Automated malware removal fights fire with fire

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Hackers are using automated attacks to systematically breach and methodically plunder corporate networks. Startup Hexis Cyber Solutions supplies technologies designed to leverage automation to match the persistence of the intruders.

ThirdCertainty recently sat down with Hexis President Chris Fedde to discuss how Hexis endeavors to remove clearly malicious programs, in near real time. (Answers edited for clarity and length).

3C: How does automation come into play in defending networks?

Chris Fedde, Hexis Cyber Solutions president
Chris Fedde, Hexis Cyber Solutions president

Fedde: It’s all about high-confidence removal of threats that are in the network, and doing that at computer speed, without a human in the loop. Automation can enable you to get the threat out of the network before it’s done any damage.

3C: Isn’t that what all network defense technologies seek to do?

Fedde: Everybody’s got the same problem: alerts and alarms everywhere. And every time you put in a new security device, you get more alerts, more alarms. The only way to actually address issues is to let a computer make the determination as to whether something is benign or malicious, or something in the middle. Without that automation, there is no solution. You will always have too many alerts and alarms and ghosts for a person to address.

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3C: How does Hexis resolve the complexity?

Fedde: We take advantage of the threat-feed industry. We subscribe to almost 20 different threat feeds that inform us about the known bad actors. We consolidate all that into one threat feed. We send that intelligence to all of the (security) products that our customers are using. So we can tell that in the financial vertical, there are certain kinds of activities going on, and in the health care vertical, there are certain kinds of activities going on.

3C: What recurring patterns do you see?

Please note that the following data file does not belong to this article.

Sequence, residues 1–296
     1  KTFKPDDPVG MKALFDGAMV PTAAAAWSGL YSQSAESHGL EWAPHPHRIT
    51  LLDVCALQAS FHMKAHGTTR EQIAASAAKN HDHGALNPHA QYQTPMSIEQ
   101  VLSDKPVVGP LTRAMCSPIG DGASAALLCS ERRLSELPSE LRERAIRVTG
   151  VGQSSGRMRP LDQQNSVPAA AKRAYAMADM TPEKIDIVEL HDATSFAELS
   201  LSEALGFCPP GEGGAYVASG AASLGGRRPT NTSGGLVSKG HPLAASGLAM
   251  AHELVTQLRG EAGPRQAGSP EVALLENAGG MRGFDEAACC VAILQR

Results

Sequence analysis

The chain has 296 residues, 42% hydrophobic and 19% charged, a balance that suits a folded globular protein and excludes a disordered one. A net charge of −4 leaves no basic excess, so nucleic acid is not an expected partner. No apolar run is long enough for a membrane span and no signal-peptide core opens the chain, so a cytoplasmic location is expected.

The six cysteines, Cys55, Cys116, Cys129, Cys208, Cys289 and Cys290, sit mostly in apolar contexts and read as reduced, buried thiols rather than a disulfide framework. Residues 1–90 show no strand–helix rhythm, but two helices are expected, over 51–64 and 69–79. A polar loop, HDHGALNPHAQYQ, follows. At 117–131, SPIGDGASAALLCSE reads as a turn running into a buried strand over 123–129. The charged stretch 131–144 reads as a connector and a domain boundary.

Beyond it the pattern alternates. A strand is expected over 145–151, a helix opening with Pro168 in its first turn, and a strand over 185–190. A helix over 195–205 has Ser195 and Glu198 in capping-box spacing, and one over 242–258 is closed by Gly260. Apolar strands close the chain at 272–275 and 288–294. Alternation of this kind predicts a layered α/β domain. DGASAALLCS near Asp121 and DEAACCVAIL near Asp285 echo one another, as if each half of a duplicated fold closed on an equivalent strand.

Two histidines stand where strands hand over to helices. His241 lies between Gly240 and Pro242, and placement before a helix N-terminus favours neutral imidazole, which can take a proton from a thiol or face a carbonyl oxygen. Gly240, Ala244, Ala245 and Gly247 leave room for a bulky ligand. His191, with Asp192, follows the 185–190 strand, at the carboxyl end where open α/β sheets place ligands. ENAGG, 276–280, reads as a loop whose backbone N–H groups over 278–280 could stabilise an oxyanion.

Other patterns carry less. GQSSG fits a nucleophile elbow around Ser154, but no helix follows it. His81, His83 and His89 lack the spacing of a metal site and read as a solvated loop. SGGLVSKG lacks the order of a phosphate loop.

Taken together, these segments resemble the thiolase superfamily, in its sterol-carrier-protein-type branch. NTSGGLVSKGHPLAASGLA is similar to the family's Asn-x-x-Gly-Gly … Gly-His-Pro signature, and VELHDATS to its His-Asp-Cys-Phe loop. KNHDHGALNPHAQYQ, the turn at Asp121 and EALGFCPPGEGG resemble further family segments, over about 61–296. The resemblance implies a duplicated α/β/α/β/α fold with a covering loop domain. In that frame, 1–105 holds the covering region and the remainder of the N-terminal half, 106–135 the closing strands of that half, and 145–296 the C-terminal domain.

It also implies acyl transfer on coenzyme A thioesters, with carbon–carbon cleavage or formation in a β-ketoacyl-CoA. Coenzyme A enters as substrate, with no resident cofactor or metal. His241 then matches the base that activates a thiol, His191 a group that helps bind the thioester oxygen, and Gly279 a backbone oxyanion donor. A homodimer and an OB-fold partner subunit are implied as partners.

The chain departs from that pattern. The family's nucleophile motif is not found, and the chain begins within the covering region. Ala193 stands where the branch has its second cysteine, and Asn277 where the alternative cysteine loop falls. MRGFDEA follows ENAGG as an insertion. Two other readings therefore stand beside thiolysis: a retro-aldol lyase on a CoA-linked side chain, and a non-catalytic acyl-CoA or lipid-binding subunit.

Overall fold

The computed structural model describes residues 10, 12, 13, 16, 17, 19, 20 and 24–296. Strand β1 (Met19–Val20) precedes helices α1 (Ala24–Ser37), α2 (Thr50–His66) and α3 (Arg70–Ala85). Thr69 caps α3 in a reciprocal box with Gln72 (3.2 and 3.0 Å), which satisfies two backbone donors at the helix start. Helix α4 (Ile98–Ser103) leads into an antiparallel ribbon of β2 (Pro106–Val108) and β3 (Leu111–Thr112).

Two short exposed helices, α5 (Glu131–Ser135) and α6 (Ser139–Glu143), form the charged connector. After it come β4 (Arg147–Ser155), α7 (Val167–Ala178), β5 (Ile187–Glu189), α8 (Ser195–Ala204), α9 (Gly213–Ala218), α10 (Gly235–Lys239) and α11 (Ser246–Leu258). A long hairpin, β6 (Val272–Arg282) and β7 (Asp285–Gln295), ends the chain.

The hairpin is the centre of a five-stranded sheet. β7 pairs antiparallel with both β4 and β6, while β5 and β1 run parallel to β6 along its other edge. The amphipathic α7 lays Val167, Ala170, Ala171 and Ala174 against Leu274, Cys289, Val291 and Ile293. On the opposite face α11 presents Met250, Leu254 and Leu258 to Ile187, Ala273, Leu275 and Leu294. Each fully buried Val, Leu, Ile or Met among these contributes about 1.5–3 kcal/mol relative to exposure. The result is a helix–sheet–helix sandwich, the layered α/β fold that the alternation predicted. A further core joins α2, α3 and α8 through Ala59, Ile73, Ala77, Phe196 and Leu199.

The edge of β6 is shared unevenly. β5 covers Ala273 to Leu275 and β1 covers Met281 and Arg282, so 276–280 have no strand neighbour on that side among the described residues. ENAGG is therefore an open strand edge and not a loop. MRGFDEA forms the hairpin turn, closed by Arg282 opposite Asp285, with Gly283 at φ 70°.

Fedde: Advanced threats come in, and stay quiet for a while. They just wait until you start ignoring them. Traditional security systems will start to think the anomalous activity is normal and start to ignore it. Once the attackers start believing that you’re comfortable with them in your network, then they start slowly doing other things to compromise your network.

Less sophisticated threats come in and start making a lot of noise right away. They do things fast, they move around, they’re anxious to see what they can do very quickly inside your network.

You really have to watch for those advanced threats over time. All the while, you’ve got all this other churn going on from less sophisticated threats making a lot of noise. An automated system can watch both extremes and clear those out of the alert system.

3C: Sounds like Hexis wants to be the brain for data feeds generated by legacy security systems.

Fedde: We’re additive. This year we are introducing the ability to bring in alerts and alarms from other companies’ products. So you may have FireEye, which is a great product, or a Palo Alto Networks, another great product, both developing alerts and alarms. Somebody’s got to tend to those. So we’re putting those alerts into the automated decision-making process and what comes out of that is action. We are finding and removing threats that we find, and we’re finding and removing threats that other products find.

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